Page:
Imagine if, right now – as the coronavirus pandemic sweeps across the world – governments had access to the $800 billion in lost tax revenue that’s currently sitting in offshore tax havens?
Our healthcare systems could be stronger. Our protective gear stockpiles could be bigger, and our emergency funds could be much larger – if only everyone had paid their fair share.
It gets to the heart of what we do at ICIJ: we investigate global inequities – and expose those who take advantage of them. It takes a lot of time, and human resources, because these are complex stories that cross borders.
Our award-winning Panama Papers investigation was first published four years ago this week. To mark the anniversary, we’ve taken a deep dive into tax havens and offshore finance – in an effort to keep talking about the systemic inequality they perpetuate.
As a nonprofit newsroom, we had also planned to fundraise around the anniversary – asking readers like you to help us keep shining a light on these global inequities. This time last year, we raised nearly $19,000 (thank you!). Our investigations, like Panama Papers, Luanda leaks, Implant Files and more cannot happen without this support.
We have a few (30!) of our 2019 Panama Papers ‘I pay my taxes’ tote bags left. While we’re not going to be in your inbox every week reminding you, we are offering you the opportunity to keep supporting our investigations.
If you have the capacity, please donate $60 or more using this link.
In return, we promise to keep shining a light on those taking advantage of loopholes and crises like these. Now here are our latest stories!
Four years after we published the Panama Papers, we remain committed to reporting on offshore finance and those who exploit it. Tax havens, and industry professionals, make it possible for the wealthy and well-connected to avoid paying trillions of dollars in taxes. We hope this Q&A explains how offshore finance works, and why it matters.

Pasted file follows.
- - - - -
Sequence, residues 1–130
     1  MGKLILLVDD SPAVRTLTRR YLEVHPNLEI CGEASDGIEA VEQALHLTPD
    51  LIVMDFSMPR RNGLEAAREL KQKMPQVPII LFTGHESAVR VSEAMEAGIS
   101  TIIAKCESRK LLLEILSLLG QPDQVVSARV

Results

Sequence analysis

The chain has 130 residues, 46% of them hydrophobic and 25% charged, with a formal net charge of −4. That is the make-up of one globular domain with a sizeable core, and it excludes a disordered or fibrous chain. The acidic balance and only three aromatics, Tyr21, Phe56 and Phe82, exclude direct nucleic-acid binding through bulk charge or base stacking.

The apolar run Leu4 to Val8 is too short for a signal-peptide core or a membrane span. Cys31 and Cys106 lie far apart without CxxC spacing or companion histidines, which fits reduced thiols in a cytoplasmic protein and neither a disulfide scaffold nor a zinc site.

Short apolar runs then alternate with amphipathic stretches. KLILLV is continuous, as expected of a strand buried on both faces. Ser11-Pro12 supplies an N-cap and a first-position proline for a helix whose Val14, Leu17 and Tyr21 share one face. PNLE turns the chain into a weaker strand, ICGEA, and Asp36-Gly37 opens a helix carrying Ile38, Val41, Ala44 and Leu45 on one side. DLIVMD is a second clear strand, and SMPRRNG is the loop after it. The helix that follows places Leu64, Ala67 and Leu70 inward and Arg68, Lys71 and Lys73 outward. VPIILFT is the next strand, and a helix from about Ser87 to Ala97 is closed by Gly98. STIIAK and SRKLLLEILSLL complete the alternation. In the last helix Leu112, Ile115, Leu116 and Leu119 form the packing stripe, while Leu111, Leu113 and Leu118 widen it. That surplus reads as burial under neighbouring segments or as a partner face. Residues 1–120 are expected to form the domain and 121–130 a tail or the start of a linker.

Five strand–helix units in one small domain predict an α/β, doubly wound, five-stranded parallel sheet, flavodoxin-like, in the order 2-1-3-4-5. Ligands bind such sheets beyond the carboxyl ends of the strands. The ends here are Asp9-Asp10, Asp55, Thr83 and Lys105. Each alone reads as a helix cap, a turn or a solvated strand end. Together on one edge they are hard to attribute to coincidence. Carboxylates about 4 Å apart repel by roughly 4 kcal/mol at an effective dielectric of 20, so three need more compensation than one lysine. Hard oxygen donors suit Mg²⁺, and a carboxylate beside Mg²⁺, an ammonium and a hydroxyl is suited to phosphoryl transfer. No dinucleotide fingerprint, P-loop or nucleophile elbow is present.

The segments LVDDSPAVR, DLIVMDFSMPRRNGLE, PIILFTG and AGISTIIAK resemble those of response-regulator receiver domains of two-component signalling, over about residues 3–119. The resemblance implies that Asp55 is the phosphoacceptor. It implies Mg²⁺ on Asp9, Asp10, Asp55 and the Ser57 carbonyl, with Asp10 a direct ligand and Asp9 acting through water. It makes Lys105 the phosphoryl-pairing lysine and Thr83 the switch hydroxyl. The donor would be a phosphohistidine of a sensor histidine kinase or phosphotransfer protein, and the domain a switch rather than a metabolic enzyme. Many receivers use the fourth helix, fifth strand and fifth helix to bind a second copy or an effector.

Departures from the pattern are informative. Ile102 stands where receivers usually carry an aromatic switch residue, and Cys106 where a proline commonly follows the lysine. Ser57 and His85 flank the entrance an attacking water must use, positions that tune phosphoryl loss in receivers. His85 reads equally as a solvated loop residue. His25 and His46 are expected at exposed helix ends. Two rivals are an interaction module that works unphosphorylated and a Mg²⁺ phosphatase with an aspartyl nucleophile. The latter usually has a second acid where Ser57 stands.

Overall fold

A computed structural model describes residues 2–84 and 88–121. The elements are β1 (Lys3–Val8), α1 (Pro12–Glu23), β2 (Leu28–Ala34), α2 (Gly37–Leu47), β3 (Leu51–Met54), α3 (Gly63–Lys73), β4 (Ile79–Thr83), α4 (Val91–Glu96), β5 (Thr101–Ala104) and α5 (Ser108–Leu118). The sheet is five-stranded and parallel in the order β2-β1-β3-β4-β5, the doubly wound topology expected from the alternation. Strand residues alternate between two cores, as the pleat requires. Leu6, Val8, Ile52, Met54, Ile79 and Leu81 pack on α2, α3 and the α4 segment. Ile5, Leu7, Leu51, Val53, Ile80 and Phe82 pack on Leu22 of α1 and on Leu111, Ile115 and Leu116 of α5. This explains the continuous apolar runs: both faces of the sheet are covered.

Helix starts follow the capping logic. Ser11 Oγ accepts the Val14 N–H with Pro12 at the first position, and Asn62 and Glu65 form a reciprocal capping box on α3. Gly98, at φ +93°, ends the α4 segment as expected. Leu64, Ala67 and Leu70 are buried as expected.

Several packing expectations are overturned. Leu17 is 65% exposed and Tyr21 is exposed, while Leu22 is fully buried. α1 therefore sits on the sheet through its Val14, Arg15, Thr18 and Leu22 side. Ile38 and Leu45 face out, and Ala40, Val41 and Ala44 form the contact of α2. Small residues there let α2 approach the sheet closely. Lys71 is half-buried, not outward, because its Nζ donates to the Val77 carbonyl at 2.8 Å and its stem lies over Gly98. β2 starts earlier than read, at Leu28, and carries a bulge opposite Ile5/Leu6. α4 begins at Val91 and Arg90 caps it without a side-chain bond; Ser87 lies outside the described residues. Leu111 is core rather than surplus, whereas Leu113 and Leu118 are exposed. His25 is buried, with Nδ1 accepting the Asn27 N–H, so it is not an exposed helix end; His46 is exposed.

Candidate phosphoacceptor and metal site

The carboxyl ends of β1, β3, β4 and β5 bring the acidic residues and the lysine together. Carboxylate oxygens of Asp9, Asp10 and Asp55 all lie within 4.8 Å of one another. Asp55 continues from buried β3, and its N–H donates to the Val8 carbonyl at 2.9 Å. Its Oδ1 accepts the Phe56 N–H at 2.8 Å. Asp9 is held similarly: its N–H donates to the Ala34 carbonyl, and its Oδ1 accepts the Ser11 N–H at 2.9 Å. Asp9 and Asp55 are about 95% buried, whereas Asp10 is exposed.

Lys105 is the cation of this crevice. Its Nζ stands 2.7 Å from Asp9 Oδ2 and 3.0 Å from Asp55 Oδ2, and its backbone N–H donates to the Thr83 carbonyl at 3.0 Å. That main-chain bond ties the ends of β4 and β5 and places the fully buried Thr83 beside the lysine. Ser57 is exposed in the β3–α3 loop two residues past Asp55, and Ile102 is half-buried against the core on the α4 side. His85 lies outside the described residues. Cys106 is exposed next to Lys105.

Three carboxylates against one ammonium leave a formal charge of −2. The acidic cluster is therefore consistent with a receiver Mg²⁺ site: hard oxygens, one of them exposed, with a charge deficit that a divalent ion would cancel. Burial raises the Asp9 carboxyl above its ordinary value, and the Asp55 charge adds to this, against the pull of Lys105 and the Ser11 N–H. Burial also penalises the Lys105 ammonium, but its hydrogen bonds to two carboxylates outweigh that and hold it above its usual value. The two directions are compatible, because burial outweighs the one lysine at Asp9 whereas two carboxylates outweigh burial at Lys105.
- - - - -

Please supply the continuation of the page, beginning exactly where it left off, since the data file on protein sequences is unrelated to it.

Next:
“Tax havens are at the heart of the financial and budgetary crisis,” economist Gabriel Zucman told us. He and other tax experts say now is the time for a more forceful tax response to the coronavirus – as governments stretch their resources to meet demand. “Now is the time to push hard for tax justice,” Tax Justice Network’s Nicholas Shaxson said. The economists we spoke to have a few suggestions for regulators, as they face the pandemic.
Isabel dos Santos says the seizure of her $442m stake in a Portuguese telecommunications company is “excessive” and “clearly abusive.” Portugal’s latest move comes as Angola seeks to recoup more than $1 billion worth of assets that they claim she, her husband and associates siphoned from the nation.
Some tactics being implemented by governments to address the coronavirus are turning into tools to repress basic human rights. Reporters are being affected in a number of ways around the world. For example, police stormed the house of a reporter in Peru, a journalist was arrested in Serbia, and reporters were attacked in Uganda. Other governments have cut off access to information, passed new repressive laws and asked reporters to cover “positive” stories.
The alleged contract killing of investigative reporter Jan Kuiack and his fiancee Martina Kušnírová triggered mass protests, a political crisis and brought down Slovakia’s government. Yesterday, a former soldier, who pleaded guilty to the murders, was sentenced to 23 years in prison. Three other people, including property developer Marián Kočner – who Kuiack had reported on, are standing trial on charges of paying for the murder.
ICIJ’s community engagement editor
P.S. Can you support our investigations? Together, we can hold the powerful to account and shine a light on the global inequities exposed by the coronavirus pandemic. Join ICIJ Insiders today!